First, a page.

In all the rituals Christ enacted and taught — in baptism, in washing, in storytelling, and serving others, challenging injustice, and above all at Table, in cup and bread, we are reminded again and again, that Jesus is as familiar to us, as present with us, as the daily need for food and drink, even when we cannot recognize it. He is never far away, but always with us – in the ordinary moments and in a world turned strange. Walking alongside us. Sharing our pain. Filling us where we are empty. And inviting us to join in his work.
This story — this road to Emmaus — teaches us that the Table where Jesus meets us is not off somewhere far beyond us, waiting to welcome us when we arrive, good and ready to eat. Jesus and his Table come to find us and meet us, wherever we are.
Two weeks ago, a man named Ledell Lee was executed by the state of Arkansas. In place of his last meal, he requested communion. This story struck me and has stuck with me, I think because it reminds me of a truth I am so sure of: that whether Ledell had requested communion or not, Jesus was there with him. There is nowhere Jesus is not with us. He is present with the one who cannot chew or stomach food because of ability or illness. He is with the one who is dying. He is on dusty, heavy roads with weary walkers, and he is in the dark heart of grief and pain.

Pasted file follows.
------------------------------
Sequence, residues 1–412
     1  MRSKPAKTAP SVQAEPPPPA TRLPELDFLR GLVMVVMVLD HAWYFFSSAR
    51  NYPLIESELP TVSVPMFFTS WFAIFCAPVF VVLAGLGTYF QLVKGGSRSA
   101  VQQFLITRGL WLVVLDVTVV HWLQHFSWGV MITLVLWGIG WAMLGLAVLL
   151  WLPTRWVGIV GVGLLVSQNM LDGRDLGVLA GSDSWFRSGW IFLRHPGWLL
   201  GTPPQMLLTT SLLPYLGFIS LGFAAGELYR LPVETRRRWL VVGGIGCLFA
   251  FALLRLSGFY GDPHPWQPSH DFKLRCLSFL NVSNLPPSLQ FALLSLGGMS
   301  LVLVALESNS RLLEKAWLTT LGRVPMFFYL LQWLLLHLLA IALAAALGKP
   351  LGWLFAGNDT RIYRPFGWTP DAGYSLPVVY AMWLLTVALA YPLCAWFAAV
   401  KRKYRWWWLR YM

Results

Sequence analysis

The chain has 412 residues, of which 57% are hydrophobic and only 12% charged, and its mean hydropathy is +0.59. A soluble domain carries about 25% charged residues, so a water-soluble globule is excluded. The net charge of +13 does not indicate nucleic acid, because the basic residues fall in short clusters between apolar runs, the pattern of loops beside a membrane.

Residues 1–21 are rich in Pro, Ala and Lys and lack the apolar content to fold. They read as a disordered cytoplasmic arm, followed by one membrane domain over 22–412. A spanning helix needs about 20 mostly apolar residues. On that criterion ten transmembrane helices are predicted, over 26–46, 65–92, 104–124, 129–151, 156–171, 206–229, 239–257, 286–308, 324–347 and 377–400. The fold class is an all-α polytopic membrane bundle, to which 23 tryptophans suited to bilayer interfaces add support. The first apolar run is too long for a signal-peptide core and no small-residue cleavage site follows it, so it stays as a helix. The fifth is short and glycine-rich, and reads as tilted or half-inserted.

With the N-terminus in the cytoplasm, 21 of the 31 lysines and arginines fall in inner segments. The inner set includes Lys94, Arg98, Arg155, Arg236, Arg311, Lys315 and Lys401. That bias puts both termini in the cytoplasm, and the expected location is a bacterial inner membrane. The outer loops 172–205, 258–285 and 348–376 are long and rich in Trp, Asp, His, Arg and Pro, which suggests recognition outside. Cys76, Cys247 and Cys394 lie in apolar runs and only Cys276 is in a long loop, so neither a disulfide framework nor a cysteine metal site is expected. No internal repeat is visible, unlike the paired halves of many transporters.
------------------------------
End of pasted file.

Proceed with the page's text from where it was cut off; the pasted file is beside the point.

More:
In the ordinary act of taking, blessing, breaking, and giving bread — Jesus transcends extraordinary boundaries of distance, death, and time. He calls us to follow him and promises us a new life that transcends those boundaries too. We participate in the rituals he taught us — rituals that Jeff enacted so well in his lifetime — we tell stories, we serve others, we challenge injustice, and we gather at Table. When we do these things, we do them remembering Christ, and with Christ, and with all those who have and do seek to follow him.